A very polite 2-year-old

January 02, 1996|By Mona Charen

WASHINGTON -- David is very possibly the world's most polite 2-year-old. He nearly always says ''please'' and ''thank you'' without prompting and has recently added ''you're welcome'' to his repertoire. Even when he is violently shaking his head and squirming (as when he has to swallow medicine), he'll say, ''No, thank you. No, thank you.'' Whenever he departs a room, he takes his leave of everyone in it, as if he were going on a thousand-mile journey instead of just into the living room.

His greetings when a loved one returns to the house are nothing short of rapturous. ''Mommy!'' he cries, ''you're home! Nice to see you again, Mommy.''

Well, the first part is rapturous anyway. The second part actually tags David as a Washingtonian. Politicians are always saying ''nice to see you'' when they shake hands. It's the perfect greeting for those whose job it is to know people. If the senator or congressman has already met and forgotten you, saying ''nice to see you'' instead of ''happy to meet you'' obscures that embarrassing fact.

Eight nights

Hanukkah provided ample opportunity for David to stretch his politeness muscles. Against our usual practice of restraint in holiday gift giving, we showered Jonathan (age 4) and David with presents on all eight nights of Hanukkah this year. With wrapping paper and ribbons flying and with bright, new toys beckoning, David did occasionally forget his manners. But his and Jonathan's sheer delight was payback aplenty.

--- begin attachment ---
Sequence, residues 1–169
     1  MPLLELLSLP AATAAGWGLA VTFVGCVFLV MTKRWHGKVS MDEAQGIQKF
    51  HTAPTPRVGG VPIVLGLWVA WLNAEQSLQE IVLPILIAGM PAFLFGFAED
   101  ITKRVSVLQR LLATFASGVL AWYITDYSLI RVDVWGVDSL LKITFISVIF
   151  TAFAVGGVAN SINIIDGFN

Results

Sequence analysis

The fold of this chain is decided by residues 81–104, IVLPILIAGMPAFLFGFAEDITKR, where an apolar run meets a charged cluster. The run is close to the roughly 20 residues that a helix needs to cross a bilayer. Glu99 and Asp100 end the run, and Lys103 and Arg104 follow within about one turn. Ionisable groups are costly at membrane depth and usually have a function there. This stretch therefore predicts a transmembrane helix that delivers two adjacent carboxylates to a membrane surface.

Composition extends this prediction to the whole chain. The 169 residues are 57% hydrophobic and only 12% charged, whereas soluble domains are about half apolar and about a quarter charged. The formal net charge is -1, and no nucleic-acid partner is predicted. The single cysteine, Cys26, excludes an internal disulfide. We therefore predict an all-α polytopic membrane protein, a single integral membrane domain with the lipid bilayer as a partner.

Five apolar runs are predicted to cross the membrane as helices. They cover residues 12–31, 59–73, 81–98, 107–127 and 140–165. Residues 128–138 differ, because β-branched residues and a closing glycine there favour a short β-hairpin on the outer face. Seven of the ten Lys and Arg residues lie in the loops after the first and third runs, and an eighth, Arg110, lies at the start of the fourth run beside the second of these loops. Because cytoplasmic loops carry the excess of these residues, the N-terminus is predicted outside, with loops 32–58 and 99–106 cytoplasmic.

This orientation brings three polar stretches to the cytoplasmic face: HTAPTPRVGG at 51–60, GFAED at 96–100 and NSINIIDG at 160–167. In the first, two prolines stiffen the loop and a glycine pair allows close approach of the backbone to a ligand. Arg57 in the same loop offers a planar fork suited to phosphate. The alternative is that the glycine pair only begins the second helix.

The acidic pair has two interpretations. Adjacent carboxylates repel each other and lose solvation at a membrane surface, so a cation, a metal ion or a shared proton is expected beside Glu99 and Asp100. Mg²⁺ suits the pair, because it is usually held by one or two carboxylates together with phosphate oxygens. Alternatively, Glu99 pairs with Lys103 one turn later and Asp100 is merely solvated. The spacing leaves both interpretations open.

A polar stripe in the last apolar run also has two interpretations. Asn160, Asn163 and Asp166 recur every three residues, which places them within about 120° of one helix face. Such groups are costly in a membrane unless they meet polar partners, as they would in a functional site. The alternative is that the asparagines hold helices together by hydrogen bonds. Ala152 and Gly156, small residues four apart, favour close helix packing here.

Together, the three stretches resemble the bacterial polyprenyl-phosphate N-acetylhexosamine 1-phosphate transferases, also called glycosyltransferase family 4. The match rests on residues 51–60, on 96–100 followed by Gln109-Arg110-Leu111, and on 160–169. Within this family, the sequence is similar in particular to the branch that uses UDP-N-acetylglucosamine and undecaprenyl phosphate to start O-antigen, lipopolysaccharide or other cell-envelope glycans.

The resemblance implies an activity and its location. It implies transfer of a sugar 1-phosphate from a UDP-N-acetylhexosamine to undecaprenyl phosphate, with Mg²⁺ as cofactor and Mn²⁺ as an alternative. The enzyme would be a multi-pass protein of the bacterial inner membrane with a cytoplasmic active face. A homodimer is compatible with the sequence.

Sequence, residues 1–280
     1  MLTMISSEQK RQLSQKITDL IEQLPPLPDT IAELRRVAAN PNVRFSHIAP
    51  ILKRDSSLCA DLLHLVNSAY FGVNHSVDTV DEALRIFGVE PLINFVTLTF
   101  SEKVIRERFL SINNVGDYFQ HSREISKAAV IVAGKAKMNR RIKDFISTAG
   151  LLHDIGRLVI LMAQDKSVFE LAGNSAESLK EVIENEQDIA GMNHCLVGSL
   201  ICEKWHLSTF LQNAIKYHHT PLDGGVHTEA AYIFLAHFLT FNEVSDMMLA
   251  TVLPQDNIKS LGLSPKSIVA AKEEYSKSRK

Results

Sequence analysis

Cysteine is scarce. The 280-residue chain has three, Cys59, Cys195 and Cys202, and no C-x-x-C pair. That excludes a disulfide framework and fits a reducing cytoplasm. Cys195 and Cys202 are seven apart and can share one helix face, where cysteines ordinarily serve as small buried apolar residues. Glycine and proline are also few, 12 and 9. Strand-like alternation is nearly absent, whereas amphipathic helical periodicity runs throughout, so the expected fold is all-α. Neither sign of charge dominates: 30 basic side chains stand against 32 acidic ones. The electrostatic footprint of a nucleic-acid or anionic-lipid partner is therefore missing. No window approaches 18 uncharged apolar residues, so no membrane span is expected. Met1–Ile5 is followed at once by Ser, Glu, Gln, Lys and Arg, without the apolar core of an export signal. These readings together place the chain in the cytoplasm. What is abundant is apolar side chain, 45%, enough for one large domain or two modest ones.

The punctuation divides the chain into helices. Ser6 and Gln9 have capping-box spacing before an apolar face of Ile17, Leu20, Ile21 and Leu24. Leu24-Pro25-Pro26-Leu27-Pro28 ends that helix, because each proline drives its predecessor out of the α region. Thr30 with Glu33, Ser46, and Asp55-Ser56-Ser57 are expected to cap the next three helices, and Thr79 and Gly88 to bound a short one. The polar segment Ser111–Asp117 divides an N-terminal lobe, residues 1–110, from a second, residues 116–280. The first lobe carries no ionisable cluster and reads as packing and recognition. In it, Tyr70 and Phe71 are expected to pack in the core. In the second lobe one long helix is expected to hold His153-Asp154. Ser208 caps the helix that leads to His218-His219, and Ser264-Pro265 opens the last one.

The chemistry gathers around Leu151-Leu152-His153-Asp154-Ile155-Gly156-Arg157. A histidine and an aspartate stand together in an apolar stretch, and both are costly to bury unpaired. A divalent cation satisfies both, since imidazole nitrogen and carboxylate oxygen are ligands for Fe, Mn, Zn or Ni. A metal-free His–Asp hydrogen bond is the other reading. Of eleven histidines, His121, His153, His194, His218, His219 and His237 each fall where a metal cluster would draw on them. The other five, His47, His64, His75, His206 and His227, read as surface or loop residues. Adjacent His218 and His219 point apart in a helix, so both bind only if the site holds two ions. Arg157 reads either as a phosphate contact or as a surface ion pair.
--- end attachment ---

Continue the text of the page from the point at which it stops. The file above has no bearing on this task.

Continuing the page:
I've always understood that it is more blessed to give than to receive. But not until I had children did I discover that it can also be more fun. Jonathan is, by now, an old hand at getting presents, and though he is always thrilled at the prospect (I had to help him count the days until Hanukkah began), he has also developed the first understandable but lamentable signs of expecting gifts. Jonathan assumes that every wrapped box he sees is a present for Jonathan, and he can be convinced only with much effort that a wine rack is not a toy.

But David, still new to this, expressed such wonder and delight at the munificence shown him that I just wanted to keep piling it on. On the first night of Hanukkah, when after lighting the candles and singing the prayers, we handed Jonathan and David their first gifts, David went dashing around the kitchen exclaiming, ''They bought me a present! They bought me a present!''

Each child got one gift each night. And night after night, the two would decide together which was the better toy and promptly make themselves miserable by fighting over it. ''Give it back to me'' was one of David's first sentences -- for good reason --

though he isn't always precise in the use of the word ''back.'' Sometimes it is David who is poaching even while protesting, ''Give it back to me.''

'No new baby'

Being 2 years old has its advantages, though. David doesn't have to worry about the impending arrival of a new baby because the concept is really beyond him. He does say, ''No, no new baby,'' when the subject comes up, but he says it with the same emotional emphasis that he applies to asking for the ''spaceship Magic Schoolbus'' instead of the ''lady bug.''

Jonathan, by contrast, does have an inkling of what this new arrival will mean. In some primal way, he knows that before there was David, there was no need for that annoying sharing stuff. But he's also happy about it insofar as he sees a new, more grown-up role for himself in this. He will be the helper. He will be the biggest big brother.

''Is Daddy going to get a baby in his tummy?'' Jonathan asked one day out of the blue, hanging upside down from his jungle gym. I told him that having babies in tummies was exclusively a Mommy thing. He accepted this with a serious nod.

Anyway, even if David's arrival did mean jealousy and strife, it also meant a partner in crime -- a co-conspirator in the important work of dragging blankets off beds to build tents and stealing wooden spoons from Mommy's kitchen to use as batons in a marching band, and a partner in bulldozer worship. Perhaps a

new baby won't be so bad after all.

Mona Charen is a syndicated columnist.

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